Thursday, February 4, 2010

We are very pleased to announce, another great addition to the assemblage of midwestern endurance events, the Chequamagon 100. One Hundred miles of sweet northern Wisconsin dirt, the great majority of it on singletrack, and the first endurance event to be held on the great CAMBA system trails.

Based on the self-supported ethos that has gained popularity with other events, the Chequamegon 100 will continue the tradition of self-reliance, riders that finish through determination, and best of all, NO ENTRY FEE! Limited to the first 100 people, all you have to do to sign up is send in an email has been set up to provide all the race details and create a central place for riders to communicate. As we draw closer to the event, organizers TK and JM will be providing details on camping, meet up locales, and the final route selection.

Check it out at


Saturday, January 30, 2010


Everyone knows, half the reason we are into cycling is playing with the big boy toys. Its fun to buy gucci stuff, dream about riding it, talk about it and generally geek out about titanium, anodizing, carbon fiber, weld beads and fatigue life.

I fully admit, I am in this camp. I love bike parts. Art and function together, plus I get to ride the parts to some really cool places.

So part of the fun with this trip is getting the bike ready. Buying all the toys. Assembling the steed that will take me to these wonderful experiences.

The moving parts. These are what excite me the most. Its probably because there is such detail in the high end bike industry. We get parts of such precision that they should be on an F1 car or a rocketship. Think about it, if a car was built with all its parts being as precise as a King hub, that car would cost a million bucks. Because bicycles are relatively cheaper than cars, we can afford to invest more into high-end stuff.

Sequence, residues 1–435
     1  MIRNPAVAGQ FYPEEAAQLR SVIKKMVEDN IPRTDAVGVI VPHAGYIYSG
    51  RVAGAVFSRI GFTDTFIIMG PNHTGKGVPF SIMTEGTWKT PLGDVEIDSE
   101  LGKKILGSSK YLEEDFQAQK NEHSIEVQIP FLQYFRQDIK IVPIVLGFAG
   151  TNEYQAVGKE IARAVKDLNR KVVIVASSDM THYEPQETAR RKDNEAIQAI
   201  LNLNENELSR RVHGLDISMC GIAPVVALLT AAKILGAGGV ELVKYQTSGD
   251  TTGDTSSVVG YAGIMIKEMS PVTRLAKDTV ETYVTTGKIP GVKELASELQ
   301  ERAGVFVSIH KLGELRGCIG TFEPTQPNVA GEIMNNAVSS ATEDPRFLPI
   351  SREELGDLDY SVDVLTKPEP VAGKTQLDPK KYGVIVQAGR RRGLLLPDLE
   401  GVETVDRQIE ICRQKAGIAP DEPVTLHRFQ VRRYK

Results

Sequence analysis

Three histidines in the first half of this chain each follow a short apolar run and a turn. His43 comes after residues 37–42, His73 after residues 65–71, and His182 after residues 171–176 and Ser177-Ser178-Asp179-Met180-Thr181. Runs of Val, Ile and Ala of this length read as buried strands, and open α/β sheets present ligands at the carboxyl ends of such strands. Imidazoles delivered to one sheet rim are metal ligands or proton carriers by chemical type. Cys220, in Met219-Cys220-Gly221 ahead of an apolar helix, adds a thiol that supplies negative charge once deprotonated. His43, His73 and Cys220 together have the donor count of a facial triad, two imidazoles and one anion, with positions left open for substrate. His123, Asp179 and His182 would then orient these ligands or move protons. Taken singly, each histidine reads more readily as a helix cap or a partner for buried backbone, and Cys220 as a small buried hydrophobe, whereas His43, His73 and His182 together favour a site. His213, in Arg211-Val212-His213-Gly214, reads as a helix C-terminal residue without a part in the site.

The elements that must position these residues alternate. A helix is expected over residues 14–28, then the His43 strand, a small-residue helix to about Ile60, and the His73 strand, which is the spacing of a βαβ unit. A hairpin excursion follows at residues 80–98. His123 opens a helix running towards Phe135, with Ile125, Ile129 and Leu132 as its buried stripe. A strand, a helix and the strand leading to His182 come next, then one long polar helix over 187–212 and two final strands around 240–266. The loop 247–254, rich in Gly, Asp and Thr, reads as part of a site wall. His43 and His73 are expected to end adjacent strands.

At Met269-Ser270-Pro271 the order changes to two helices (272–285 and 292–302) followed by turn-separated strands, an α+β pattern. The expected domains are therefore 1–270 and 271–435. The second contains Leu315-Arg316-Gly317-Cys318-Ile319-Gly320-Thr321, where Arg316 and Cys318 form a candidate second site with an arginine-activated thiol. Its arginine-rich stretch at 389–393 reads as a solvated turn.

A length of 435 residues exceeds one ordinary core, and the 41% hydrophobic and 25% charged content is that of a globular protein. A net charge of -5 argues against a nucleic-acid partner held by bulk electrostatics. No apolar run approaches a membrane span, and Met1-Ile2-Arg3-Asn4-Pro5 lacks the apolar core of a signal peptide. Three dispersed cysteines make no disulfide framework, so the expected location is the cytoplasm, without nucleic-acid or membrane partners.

King hubs. I have owned various sets of King hubs over the past 12 years, and I have never had a problem. They are a natural choice for this bike due to their durability, and of course, bling. Now they are offering them in all kinds of axle choices, so I can match them to my fork and use a stiffer QR in the rear.

Because of their reputation, I am also choosing the King BB. Never had one before, but it should work. And its blue. Gotta match.

Finally, for moving parts, there is the headset. The Cane Creek 110 is my choice. Why choose the CC over the full bike of King? The CC is clearly better with a compression ring to hold the fork in place without squeaks, and who can balk at a 110 year warranty? WOW.

All products I mentioned were purchased by me with no influence from the manufacturers.

Up next? Drivetrain!